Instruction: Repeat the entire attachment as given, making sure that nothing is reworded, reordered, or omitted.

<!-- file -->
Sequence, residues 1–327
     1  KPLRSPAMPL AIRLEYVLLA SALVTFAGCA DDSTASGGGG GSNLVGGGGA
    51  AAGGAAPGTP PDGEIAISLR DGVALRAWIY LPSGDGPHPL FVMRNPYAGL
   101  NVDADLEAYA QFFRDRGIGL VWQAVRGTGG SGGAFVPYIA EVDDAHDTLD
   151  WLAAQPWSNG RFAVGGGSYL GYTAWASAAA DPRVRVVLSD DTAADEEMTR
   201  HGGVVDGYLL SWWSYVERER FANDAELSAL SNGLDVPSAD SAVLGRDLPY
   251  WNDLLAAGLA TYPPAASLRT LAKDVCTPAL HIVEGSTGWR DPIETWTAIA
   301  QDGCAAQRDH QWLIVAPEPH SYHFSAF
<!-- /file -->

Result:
Sequence, residues 1–327
     1  KPLRSPAMPL AIRLEYVLLA SALVTFAGCA DDSTASGGGG GSNLVGGGGA
    51  AAGGAAPGTP PDGEIAISLR DGVALRAWIY LPSGDGPHPL FVMRNPYAGL
   101  NVDADLEAYA QFFRDRGIGL VWQAVRGTGG SGGAFVPYIA EVDDAHDTLD
   151  WLAAQPWSNG RFAVGGGSYL GYTAWASAAA DPRVRVVLSD DTAADEEMTR
   201  HGGVVDGYLL SWWSYVERER FANDAELSAL SNGLDVPSAD SAVLGRDLPY
   251  WNDLLAAGLA TYPPAASLRT LAKDVCTPAL HIVEGSTGWR DPIETWTAIA
   301  QDGCAAQRDH QWLIVAPEPH SYHFSAF